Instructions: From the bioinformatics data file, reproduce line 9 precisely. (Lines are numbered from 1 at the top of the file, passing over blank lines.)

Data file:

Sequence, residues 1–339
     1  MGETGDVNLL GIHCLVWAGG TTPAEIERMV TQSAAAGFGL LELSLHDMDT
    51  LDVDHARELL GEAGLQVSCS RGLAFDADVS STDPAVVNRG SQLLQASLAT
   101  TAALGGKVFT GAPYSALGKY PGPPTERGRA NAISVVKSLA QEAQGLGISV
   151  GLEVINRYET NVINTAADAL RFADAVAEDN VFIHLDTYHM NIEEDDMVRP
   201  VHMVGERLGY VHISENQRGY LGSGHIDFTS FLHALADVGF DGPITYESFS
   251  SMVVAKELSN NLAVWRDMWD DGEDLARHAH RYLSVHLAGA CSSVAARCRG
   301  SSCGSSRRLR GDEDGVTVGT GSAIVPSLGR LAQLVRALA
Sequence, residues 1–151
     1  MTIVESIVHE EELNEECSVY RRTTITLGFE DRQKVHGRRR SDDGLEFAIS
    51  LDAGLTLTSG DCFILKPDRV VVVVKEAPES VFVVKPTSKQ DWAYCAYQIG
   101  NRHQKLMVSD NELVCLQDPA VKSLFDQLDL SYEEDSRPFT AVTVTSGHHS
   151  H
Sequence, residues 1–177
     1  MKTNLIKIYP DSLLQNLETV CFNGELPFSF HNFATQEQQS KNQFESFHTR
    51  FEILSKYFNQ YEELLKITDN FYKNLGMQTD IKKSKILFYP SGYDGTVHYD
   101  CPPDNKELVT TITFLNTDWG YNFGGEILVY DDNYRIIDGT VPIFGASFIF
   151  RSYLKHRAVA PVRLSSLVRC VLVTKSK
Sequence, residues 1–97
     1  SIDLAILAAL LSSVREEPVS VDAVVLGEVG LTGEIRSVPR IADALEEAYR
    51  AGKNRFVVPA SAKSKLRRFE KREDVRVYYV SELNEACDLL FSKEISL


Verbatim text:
Sequence, residues 1–151